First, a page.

Synopses & Reviews
Voltaire said, "Machiavelli taught Europe the art of war; it had long been practiced, without being known." For Niccolò Machiavelli (1469-1527), war was war, and victory the supreme aim to which all other considerations must be subordinated. The Art of War is far from an anachronismits pages outline fundamental questions that theorists of war continue to examine today, making it essential reading for any student of military history, strategy, or theory. Machiavelli believed The Art of War to be his most important work.
In medieval warfare, organization, staff services, hierarchy of command, and codes of military law were nonexistent. Machiavelli changed all that. For him, discipline was of supreme importance. War is war, he believed, a no-holds-barred contest, and victory the supreme aim to which all other considerations must be subordinated. To this end, Machiavelli instituted the systematic conception of troop formation, which until then had been almost unheard-of. The Art of War was widely read and highly esteemed throughout the sixteenth century. It was one of the favorite books of Frederick the Great; Napoleon, Saint-Cyr, and Clausewitz all held it in very high regard. Like The Prince and The Discourses, it is vividly and concisely written. But most importantly, The Art of War outlines most of the fundamental questions that theorists of war continue to examine today, making it essential reading for any student of military history, strategy, or theory.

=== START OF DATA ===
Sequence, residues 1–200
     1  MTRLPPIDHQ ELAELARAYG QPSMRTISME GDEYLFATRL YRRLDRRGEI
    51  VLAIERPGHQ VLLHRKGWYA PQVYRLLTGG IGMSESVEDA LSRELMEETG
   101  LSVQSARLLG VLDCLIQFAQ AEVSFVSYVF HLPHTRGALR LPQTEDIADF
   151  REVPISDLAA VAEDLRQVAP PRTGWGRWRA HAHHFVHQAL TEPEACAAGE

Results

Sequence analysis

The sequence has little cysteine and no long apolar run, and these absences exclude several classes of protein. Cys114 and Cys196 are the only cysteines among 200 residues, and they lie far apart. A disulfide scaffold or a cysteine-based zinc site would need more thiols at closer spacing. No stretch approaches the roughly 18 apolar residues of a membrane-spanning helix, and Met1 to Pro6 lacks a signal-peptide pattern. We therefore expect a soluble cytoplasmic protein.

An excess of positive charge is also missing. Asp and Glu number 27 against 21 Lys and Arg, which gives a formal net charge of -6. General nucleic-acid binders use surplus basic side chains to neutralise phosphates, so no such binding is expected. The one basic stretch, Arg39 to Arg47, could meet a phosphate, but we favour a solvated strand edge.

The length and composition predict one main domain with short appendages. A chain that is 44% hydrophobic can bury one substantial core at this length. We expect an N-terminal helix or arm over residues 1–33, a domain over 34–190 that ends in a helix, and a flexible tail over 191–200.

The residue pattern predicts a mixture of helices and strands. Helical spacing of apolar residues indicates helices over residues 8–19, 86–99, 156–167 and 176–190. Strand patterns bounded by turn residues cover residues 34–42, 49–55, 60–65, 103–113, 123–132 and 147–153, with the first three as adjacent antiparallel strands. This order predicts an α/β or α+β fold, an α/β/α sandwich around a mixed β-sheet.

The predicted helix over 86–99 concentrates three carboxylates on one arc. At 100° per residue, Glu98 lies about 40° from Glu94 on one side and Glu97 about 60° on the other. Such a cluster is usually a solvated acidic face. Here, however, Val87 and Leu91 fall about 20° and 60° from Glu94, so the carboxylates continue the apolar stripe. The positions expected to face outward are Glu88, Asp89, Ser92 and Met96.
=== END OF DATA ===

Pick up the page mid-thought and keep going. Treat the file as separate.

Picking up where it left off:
A fundamental work by one of the greatest political and military theorists of Western civilization.